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TRAUMATIC INJURY

	hazard signs, worker avoiding falling box

Outputs: Research to Practice

Historically, NIOSH has been a leader in applying research into workplace solutions that reduce injury and illness. Research to Practice (r2p ) is a NIOSH initiative focused on the transfer and translation of research findings, technologies, and information into highly effective prevention practices and products that are adopted in the workplace.

The goal of Research to Practice is to increase workplace use of effective NIOSH and NIOSH-funded research findings. NIOSH continues to work with our partners to focus research on ways to develop effective products, translate research findings into practice, target dissemination efforts, and evaluate and demonstrate the effectiveness of these efforts in improving worker safety and health.

NIOSH prevention information is most readily found in publications such as NIOSH Alerts, Current Intelligence Bulletins, Workplace Solutions, Fact Sheets, Criteria Documents, and other publications. If you are looking for prevention information for a particular problem area, you may find the appropriate publications listed on NIOSH Traumatic Occupational Injury Topics . If a topic page on the problem area does not exist, another way to search for appropriate information is to scan the list of publications that address traumatic occupational injuries. Finally, the investigative reports conducted as part of the Fatality Assessment and Control Evaluation (FACE) program each have preventive recommendations based on the investigation of specific fatal incidents.

Selected Research-to-Practice Efforts Addressing Traumatic Injury Problems

Ladder Smart Phone App for Reducing Falls

Ladder-related injuries are a persistent, and yet preventable, public health problem with significant economic impact on society. In 2013, approximately 511,000 people in the United States were injured from ladders and treated in hospital emergency departments, doctors' offices, clinics and other medical settings. The financial cost of these injuries was $24 billion, including work loss, medical, legal, liability, and pain and suffering expenses. Falls-from-ladders are a leading cause of fall injury and death in all industries. In 2011, there were 113 deaths from work-related ladder-falls and approximately 34,000 additional nonfatal injuries from work-related ladder-falls treated in hospital emergency departments in the U.S. Among construction workers in the U.S., about 81% of reported fall injuries treated in emergency departments involved a ladder. These injuries can be severe and cause disability, changing the lives of workers and their families. Ladder angle significantly affects ladder stability. Research has suggested that ladder users tend to position extension ladders at suboptimal angles, which increases the risk of ladder slide-out events and associated falls. A ladder set too steeply or too shallow cannot provide safe support.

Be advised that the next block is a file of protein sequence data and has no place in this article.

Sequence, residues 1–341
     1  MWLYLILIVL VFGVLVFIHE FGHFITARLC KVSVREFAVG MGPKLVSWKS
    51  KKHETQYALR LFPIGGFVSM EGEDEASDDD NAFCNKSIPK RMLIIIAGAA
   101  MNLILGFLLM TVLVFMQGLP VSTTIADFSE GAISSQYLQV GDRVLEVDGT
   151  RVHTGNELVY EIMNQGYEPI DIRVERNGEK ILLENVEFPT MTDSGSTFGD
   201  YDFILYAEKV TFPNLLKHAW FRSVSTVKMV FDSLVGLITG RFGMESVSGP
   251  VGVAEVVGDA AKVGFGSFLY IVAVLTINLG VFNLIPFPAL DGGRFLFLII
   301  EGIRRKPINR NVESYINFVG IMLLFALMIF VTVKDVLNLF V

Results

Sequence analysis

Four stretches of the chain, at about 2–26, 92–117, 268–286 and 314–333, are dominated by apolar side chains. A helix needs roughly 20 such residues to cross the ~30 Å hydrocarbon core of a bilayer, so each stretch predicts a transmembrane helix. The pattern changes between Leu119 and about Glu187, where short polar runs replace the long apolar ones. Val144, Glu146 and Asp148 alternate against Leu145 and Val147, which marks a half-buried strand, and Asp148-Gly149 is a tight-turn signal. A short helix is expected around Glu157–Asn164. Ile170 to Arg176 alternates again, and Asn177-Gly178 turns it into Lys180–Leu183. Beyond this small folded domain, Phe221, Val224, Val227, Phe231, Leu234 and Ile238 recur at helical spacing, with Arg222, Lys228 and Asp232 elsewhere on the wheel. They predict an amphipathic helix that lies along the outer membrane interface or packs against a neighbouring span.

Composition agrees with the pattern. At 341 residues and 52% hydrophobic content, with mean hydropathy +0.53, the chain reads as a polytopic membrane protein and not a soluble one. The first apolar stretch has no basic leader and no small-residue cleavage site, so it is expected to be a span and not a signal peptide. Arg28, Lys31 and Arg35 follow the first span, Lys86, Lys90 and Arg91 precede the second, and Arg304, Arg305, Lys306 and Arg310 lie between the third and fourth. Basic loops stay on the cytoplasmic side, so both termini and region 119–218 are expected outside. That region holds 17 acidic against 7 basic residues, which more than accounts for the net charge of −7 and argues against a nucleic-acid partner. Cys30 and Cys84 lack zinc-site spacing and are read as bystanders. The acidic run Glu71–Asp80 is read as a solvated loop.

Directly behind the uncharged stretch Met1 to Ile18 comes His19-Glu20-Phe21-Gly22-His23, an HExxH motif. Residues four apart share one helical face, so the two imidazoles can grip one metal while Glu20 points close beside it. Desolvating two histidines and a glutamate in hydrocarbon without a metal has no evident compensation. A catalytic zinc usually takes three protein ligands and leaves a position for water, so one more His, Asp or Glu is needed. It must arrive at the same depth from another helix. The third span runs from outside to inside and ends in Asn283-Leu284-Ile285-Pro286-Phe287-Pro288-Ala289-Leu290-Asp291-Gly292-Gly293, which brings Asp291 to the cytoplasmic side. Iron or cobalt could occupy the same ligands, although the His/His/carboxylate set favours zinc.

Researchers at the National Institute for Occupational Safety and Health (NIOSH) developed, evaluated, and patented a method and technology for positioning extension ladders at an optimal angle. NIOSH then partnered with ATL International and DS Federal Inc. to transform the ladder safety technology into the first NIOSH Smart Phone application “Ladder Safety.” It features an easy to use ladder positioning tool—an indicator that provides visual, sound, and vibrational signals—to assist users in quickly positioning an extension ladder to the proper angle. The application also provides graphic-oriented interactive reference materials, safety guidelines, and checklists for extension ladder selection, inspection, accessorizing, and use, which can serve as a convenient reference and training tool. To ensure that the guidance materials are up-to-date with the latest ladder safety standards, NIOSH partnered with the American Ladder Institute and the American National Standards Institute A14 committee. The NIOSH Ladder Safety Smart Phone app is available as a free download for Apple and Android mobile devices in both English and Spanish. Read the full story of impact .

Online Workplace Violence Training for Healthcare Workers

Healthcare workers dedicate their lives to the treatment and care of patients. They sometimes put their own safety and health at risk to help a patient or visitor. The unique culture and unpredictability of hospitals increase the risk of both physical and non-physical violence among healthcare workers. In 2013, there were 9,200 nonfatal workplace violence injuries among healthcare workers, which was more than 67% of nonfatal violence-related injuries occurring in all industries. These figures underestimate the burden of workplace violence, because only assaults that resulted in time away from work, and not the psychological trauma or less severe physical injuries that healthcare workers experience from workplace violence, are reported. Additionally, the number of assaults reported by healthcare workers is considered greatly underreported. Some reasons include: lack of awareness, fear of retaliation, unintentional assaults, and persistent perception within the healthcare industry that workplace violence is part of the job, and fear that reporting will reflect poorly on the worker.